By Peggy Bair
Laura Chalk, She’s Jazz Fine
Telling an introvert artist to stay at home during a pandemic is like the story of Briar Rabbit “Oh PLEASE – Don’t throw me in the briar bush!”
So when Leavenworth resident Laura Chalk had to pull back on working two jobs, she quickly drew from her experience. Her deep roots in the Heartland over the years with careers in advertising, real estate and public relations by day and jazz singer by night only meant she had to slow down in some ways – but step up the creative ways.
Working from home wasn’t a problem for Chalk. “I worked predominantly from home for the 10 years I was in advertising sales, and so have successfully done it before. I keep regular office hours and focus on my work during the day,” she said. “I’m an introvert so don’t mind being alone, and never get bored because I keep myself busy. But, I do miss the people I was used to seeing every day.”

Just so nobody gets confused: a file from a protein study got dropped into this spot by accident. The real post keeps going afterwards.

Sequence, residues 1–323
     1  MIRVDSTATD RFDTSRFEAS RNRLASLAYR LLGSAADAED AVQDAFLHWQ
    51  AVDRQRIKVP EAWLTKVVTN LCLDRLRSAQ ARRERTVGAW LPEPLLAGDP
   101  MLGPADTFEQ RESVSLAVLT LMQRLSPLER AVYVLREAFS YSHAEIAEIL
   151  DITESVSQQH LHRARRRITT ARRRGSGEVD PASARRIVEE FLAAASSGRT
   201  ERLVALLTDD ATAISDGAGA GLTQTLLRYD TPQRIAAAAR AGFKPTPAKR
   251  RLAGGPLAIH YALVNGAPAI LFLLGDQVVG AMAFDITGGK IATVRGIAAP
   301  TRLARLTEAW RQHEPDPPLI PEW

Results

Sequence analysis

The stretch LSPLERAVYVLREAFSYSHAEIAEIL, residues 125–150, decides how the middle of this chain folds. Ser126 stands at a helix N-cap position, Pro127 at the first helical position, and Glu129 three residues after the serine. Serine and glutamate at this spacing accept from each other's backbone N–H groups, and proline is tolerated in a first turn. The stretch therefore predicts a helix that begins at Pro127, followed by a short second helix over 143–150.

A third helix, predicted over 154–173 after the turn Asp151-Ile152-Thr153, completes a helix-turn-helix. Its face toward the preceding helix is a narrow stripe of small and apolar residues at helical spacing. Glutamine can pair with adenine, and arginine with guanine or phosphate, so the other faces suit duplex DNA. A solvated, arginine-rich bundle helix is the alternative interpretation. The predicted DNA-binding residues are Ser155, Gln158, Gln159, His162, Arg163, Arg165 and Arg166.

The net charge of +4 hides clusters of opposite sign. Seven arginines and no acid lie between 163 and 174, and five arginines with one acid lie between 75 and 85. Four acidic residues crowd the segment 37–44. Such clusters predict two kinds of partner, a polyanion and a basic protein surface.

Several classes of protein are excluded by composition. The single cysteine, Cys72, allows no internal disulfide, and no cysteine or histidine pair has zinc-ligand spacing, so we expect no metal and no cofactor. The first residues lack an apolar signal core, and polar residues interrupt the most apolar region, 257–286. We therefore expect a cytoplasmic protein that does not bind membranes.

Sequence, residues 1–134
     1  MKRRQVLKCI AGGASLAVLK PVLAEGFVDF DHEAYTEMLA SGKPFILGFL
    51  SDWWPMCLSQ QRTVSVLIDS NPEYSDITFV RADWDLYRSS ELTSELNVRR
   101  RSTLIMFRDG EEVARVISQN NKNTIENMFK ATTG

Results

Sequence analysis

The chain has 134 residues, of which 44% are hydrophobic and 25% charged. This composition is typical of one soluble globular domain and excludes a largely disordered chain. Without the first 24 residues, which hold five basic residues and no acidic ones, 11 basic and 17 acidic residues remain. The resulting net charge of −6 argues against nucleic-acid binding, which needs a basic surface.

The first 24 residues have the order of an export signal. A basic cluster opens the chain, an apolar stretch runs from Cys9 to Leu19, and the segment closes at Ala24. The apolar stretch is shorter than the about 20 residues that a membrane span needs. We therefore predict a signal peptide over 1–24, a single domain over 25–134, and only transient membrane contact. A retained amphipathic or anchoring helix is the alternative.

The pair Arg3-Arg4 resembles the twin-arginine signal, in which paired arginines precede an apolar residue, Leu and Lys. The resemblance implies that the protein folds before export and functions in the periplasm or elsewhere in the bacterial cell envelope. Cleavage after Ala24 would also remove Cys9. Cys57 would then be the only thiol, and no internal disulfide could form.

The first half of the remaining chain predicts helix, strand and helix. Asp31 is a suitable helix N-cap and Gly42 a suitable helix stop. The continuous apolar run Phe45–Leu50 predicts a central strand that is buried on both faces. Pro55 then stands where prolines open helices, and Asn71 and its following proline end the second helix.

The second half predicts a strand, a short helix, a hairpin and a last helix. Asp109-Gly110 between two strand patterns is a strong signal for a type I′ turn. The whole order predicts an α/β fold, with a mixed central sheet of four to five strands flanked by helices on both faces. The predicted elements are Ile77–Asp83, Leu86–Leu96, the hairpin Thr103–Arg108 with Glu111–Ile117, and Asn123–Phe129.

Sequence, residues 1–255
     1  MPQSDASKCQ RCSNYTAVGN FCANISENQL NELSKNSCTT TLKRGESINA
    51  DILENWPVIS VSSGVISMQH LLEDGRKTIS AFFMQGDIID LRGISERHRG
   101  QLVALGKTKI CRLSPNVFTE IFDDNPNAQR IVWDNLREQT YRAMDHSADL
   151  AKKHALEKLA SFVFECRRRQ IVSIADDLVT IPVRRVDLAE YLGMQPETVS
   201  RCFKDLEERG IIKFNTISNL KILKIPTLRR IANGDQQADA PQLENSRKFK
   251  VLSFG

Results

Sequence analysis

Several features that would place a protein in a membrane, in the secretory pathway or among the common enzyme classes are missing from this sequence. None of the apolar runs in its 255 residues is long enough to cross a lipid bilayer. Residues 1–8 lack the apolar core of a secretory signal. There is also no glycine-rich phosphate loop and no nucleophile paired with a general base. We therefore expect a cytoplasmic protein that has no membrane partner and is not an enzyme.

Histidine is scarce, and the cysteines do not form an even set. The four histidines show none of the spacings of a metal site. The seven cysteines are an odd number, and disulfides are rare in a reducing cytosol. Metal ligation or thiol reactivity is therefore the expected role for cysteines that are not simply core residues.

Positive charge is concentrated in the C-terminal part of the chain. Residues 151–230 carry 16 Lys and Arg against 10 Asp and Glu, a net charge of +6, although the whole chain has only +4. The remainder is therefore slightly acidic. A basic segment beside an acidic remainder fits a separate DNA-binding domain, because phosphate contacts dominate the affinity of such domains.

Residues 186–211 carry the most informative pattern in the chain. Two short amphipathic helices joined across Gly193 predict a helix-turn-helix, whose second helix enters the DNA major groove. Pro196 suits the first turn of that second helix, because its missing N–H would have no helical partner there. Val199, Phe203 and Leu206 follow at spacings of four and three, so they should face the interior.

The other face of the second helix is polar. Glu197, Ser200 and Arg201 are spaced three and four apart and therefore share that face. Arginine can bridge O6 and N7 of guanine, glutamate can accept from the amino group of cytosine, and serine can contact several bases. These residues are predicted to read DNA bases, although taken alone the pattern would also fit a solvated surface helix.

Laura’s journey to Leavenworth had, for many years as she raised her children, been rooted in Overland Park – but also involved a passion for visiting the little town of Weston, MO.
After her youngest child entered college a couple of years ago, she decided that she would go house-hunting there.
But when Leavenworth, KS came up in the home search also, an adorable little historic home with a white picket fence popped up in the search. She was hooked on the charm of the place with its view of the lazy Missouri river below the bluff.
She bought it. “I love the home so much. It is a peaceful retreat,” Chalk said.